Science, Measures and Responses

We will look at climate change, how to measure greenhouse emissions from ICT and how to deal with them, over the next three weeks.

In this first week we look at the science and the political responses. Professor Ross Garnaut was commissioned by Australian Federal and state governments to examine the impacts of climate change and recommend a policy framework to deal with it. His report provides an overview of the issues and is now being considered by the federal government.

Read now:

  1. ACS Policy Statement on Green ICT (August 2007). Read also the Wikipedia entry for Green computing and follow-up as takes your interest the resources that are identified in its See also and External links sections.
  2. Chapter 2 "Understanding climate science", of the Garnaut Climate Change Review Final Report, Commonwealth of Australia 2008.


  1. Suggest 3 outcomes for this subject: List at least 3 outcomes you want and expect from this subject.

  2. Effects and responses to climate change: Describe in up to three paragraphs, what effects Climate Change, and the responses to climate change, may have on the organisation in which you work (or one you are familiar with). Use the following questions as a guide:

    1. What industry is the organisation involved in?
    2. What are its principal lines of goods or services? Do these contribute to greenhouse gas production?
    3. Are there processes in place to reduce greenhouse gas production, or can you suggest some?
  3. Search for articles and papers: Search for sources of articles and papers on Green ICT (eg. CIO Magazine, Australian IT, Computer Weekly, Google Scholar etc). Identify and justify which you think are best.

From the book: Green Technology Strategies

This book is about how to reduce carbon emissions and achieve other environmental benefits by using computers and telecommunications technology. It is designed to be used within an online course for professionals, using mentored and collaborative learning techniques.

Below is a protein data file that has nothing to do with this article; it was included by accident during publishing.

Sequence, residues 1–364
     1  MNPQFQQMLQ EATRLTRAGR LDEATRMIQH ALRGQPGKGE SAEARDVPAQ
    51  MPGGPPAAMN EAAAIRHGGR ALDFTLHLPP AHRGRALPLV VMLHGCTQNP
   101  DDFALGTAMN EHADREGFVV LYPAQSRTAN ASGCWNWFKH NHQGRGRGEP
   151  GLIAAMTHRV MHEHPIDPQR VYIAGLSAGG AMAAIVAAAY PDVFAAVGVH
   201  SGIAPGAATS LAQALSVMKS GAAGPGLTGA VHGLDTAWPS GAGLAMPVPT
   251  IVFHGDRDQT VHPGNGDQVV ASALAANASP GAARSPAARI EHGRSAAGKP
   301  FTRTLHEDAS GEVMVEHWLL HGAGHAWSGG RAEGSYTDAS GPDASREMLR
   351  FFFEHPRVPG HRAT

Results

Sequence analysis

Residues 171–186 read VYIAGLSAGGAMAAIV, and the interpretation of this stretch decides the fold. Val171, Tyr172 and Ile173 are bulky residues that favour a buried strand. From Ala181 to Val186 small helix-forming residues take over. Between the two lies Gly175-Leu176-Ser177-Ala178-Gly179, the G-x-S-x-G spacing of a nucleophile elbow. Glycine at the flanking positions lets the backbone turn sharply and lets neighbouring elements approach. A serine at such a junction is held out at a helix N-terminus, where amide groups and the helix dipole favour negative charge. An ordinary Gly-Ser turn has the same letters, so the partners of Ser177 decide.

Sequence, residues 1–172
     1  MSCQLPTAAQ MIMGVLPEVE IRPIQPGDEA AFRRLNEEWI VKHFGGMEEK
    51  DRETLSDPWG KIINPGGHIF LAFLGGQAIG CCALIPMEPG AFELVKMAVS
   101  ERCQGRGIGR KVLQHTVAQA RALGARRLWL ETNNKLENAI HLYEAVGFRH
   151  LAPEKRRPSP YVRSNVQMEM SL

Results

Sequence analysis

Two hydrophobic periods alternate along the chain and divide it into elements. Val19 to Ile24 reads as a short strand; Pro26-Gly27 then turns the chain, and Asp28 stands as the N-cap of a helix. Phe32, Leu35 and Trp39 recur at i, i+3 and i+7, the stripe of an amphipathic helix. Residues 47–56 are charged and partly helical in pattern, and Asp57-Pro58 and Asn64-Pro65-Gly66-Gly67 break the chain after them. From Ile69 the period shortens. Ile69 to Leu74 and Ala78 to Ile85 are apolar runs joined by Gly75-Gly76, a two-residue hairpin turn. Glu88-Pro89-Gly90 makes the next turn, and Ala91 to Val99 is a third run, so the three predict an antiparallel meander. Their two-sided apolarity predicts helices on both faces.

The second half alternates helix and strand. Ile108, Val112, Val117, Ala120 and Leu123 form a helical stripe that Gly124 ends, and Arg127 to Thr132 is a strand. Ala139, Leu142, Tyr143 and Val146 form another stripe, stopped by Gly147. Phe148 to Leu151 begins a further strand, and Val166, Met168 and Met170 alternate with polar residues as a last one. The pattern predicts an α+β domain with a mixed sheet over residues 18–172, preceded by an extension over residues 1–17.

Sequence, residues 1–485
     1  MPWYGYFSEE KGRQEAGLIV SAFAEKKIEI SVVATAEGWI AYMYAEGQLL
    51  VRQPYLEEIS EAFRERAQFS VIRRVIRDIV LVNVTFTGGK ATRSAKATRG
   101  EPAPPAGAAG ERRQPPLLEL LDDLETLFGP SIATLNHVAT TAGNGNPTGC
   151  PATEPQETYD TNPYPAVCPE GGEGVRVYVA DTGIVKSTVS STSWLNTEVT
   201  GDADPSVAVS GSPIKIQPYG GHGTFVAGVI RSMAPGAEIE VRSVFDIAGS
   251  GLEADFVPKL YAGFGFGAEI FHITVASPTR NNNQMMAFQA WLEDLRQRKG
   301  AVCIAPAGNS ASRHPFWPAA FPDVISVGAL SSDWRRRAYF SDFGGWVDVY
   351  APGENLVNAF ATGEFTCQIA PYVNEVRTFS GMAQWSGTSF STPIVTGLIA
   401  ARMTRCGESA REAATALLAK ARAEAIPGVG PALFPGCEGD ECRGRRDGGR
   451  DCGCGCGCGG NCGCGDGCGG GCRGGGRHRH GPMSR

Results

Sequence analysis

Title: Green Technology Strategies: Using computers and telecommunications to reduce carbon emissions

Copyright © , 2009

Publisher: Tomw Communications, PO Box 13, Belconnen ACT 2617, Australia. Website:

New edition available: ICT Sustainability: Assessment and Strategies for a Low Carbon Future, September 2011.

These notes are used for the courses:

  1. Green ICT Strategies (ACS25): offered in the Postgraduate Program of Open Universities Australia and available from 2010 to students of Curtin University, Griffith University, Macquarie University, Monash University, RMIT University, Swinburne University and the University of South Australia,

  2. Green Technology Strategies: offered in the Computer Professional Education Program, Australian Computer Society (first run as "Green ICT Strategies" in February 2009), and

  3. Green Information Technology Strategies (COMP7310), in the Graduate Studies Select program, Australian National University (first run July 2009).

The notes were first published as an electronic and paperback book in 2009 (Green ICT, Tom Worthington, Tomw Communications, 2009). Students can download or print their own copy of the e-book from the course learning management system, which is likely to be more up to date.

Green Technology Strategies: Using computers and telecommunications to reduce carbon emissions by Tom Worthington is licensed under a Creative Commons Attribution-Share Alike 2.5 Australia License, except for institutions covered by a Copyright Agency Ltd Statutory Licence.